And then further from Citi:

On the hard currency front, USD leverage in selected economies is sparking once again fears of any systemic implications. It is true to say markets are still far away from a systemic trigger (serious USD funding issues), but we believe it is also correct to adjust CDS (and hard currency spreads in general) higher in curves of economies more dependent on USD funding. Indonesia, Brazil and Turkey are economies that could suffer more (in different magnitudes of course) from a continuous tightening of USD funding conditions. This is the underpinning factor behind our long Turkey CDS position.


And speaking of CDS, well it’s blowing out to its widest level in three years:


Meanwhile, violence between Ankara and the PKK has escalated (and why wouldn’t it, considering that’s the whole idea for Erdogan). As Bloomberg reports, “assailants tossed a grenade at a guard post at Istanbul’s Dolmabahce Palace [on Wednesday] and then opened fire, setting off a gun battle in the center of Turkey’s largest city.” Later, 8 soldiers were killed by a roadside bomb in southeastern Turkey’s Siirt province – the attack was blamed on the PKK.

Now, Nationalist Movement Party leader Devlet Bahçeli – who, you’ll recall, likened Erdogan to Hitler and Stalin last week – has called for martial law and insists that new elections will lead directly to civil war. Here’s Hurriyet:

As the escalation of violence in the country has raised a sense of insecurity among its citizens, Turkey’s nationalist party leader has called for a declaration of martial law. 

“Under today’s conditions, as terror has reached its peak point, the National Security Council [MGK] should hold an emergency meeting,” said Nationalist Movement Party (MHP) leader Devlet Bahçeli, in a written statement late on Aug. 19.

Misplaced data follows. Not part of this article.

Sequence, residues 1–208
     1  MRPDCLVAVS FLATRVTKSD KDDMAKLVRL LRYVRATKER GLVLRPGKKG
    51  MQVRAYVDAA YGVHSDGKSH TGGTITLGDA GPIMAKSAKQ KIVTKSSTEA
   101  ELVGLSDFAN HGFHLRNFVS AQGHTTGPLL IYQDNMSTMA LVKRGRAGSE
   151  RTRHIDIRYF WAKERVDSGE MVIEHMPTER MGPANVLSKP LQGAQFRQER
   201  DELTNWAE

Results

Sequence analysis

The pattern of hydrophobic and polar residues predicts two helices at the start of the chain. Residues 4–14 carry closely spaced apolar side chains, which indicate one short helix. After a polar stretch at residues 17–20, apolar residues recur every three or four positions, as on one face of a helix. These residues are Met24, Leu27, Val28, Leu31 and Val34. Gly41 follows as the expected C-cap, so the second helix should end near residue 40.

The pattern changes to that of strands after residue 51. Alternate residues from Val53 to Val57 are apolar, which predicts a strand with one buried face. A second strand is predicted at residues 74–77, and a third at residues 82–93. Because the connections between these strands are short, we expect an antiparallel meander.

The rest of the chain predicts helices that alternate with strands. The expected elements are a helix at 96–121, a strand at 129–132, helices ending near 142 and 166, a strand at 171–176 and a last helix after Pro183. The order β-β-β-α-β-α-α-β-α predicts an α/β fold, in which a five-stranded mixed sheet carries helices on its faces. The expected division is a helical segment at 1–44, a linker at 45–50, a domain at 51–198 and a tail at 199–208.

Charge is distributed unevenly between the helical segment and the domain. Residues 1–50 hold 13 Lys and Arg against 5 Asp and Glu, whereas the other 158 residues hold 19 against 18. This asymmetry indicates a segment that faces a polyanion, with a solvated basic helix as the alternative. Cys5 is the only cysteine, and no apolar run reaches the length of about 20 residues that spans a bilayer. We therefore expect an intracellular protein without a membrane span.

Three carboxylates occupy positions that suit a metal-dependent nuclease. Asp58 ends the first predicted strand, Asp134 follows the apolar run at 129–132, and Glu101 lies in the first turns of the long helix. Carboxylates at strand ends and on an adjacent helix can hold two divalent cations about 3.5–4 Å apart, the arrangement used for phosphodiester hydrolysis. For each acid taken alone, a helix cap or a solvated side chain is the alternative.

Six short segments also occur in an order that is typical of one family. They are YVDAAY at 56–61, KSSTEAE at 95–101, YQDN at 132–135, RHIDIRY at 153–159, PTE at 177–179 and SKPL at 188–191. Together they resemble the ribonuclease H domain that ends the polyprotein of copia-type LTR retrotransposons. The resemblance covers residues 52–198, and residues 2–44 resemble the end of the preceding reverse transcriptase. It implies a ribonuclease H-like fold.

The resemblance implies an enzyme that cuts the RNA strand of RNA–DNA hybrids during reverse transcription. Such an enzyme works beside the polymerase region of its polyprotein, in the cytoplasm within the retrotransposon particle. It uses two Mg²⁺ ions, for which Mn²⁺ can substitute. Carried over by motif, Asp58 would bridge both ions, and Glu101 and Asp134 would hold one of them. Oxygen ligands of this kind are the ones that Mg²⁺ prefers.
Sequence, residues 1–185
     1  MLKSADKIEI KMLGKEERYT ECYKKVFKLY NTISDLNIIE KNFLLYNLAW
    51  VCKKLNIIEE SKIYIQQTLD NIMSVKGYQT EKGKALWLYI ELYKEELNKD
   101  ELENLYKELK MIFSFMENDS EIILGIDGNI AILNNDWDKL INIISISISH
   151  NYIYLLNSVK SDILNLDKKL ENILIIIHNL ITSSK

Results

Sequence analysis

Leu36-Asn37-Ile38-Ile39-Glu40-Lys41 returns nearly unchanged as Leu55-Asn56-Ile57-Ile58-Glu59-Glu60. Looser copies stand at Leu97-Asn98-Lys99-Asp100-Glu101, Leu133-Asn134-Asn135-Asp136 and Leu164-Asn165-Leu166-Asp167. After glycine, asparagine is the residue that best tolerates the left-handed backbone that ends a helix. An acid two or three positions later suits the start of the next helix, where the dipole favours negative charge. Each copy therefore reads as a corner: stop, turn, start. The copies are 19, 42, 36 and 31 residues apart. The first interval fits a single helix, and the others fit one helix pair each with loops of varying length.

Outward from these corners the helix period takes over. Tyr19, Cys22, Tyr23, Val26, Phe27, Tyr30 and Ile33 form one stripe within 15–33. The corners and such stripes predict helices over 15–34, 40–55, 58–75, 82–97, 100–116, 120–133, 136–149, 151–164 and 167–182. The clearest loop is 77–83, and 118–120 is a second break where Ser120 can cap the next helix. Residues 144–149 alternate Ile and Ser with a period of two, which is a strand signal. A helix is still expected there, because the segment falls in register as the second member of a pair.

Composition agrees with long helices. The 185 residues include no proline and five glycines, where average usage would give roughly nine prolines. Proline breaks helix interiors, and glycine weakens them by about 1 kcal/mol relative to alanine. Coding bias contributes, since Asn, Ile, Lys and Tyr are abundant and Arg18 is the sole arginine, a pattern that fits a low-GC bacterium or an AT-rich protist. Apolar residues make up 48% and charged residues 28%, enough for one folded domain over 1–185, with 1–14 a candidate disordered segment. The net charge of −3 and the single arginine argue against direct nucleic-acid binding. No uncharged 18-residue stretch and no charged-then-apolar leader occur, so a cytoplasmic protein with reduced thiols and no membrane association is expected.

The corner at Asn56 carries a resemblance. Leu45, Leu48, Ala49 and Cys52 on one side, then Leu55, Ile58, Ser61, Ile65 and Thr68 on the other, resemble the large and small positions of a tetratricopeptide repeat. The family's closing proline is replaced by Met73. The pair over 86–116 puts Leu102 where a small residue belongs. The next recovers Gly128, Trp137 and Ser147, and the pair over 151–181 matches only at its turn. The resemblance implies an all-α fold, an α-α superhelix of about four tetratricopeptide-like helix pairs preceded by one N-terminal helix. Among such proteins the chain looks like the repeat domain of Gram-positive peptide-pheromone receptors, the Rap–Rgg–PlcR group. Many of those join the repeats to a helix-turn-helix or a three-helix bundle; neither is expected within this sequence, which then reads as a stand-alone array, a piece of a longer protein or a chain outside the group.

His statement was released just hours after the Turkish Armed Forces (TSK) announced earlier on Aug. 19 that militants from the outlawed Kurdistan Workers’ Party (PKK) had killed eight soldiers with a roadside bomb in the southeastern Anatolian province of Siirt.

“In line with Article 122 of the constitution, it is obligatory to definitely secure a section of our country with martial law measures in a way that would include cities and towns [which have been a] scene to violence and horror,” Bahçeli said.

“Under today’s conditions and environment in Turkey, holding an election may light the fuse of a civil war. In this regard, the repetition of elections should definitely be reviewed,” he also said.

Responding by phone, senior AKP lawmaker Ahmet Aydin told Bloomberg that “it’s not necessary and not right to call for martial law in Turkey’s southeast, and a repeat election should be held as soon as possible to eliminate political uncertainity.”

Yes, to “eliminate political uncertainty.” And to eliminate political opposition as well.

It’s once again worth noting that this is the type of regime – one which is willing to sacrifice its people and economic and financial stability – for the sake of subverting the democratic process and executing brutal power grabs.

As bad as that sounds just remember, it’s all part of the plan to defeat ISIS.

*  *  *

And meanwhile, “nothing to see here, move along”:


Summing it all up:



Leave a Comment

This site uses Akismet to reduce spam. Learn how your comment data is processed.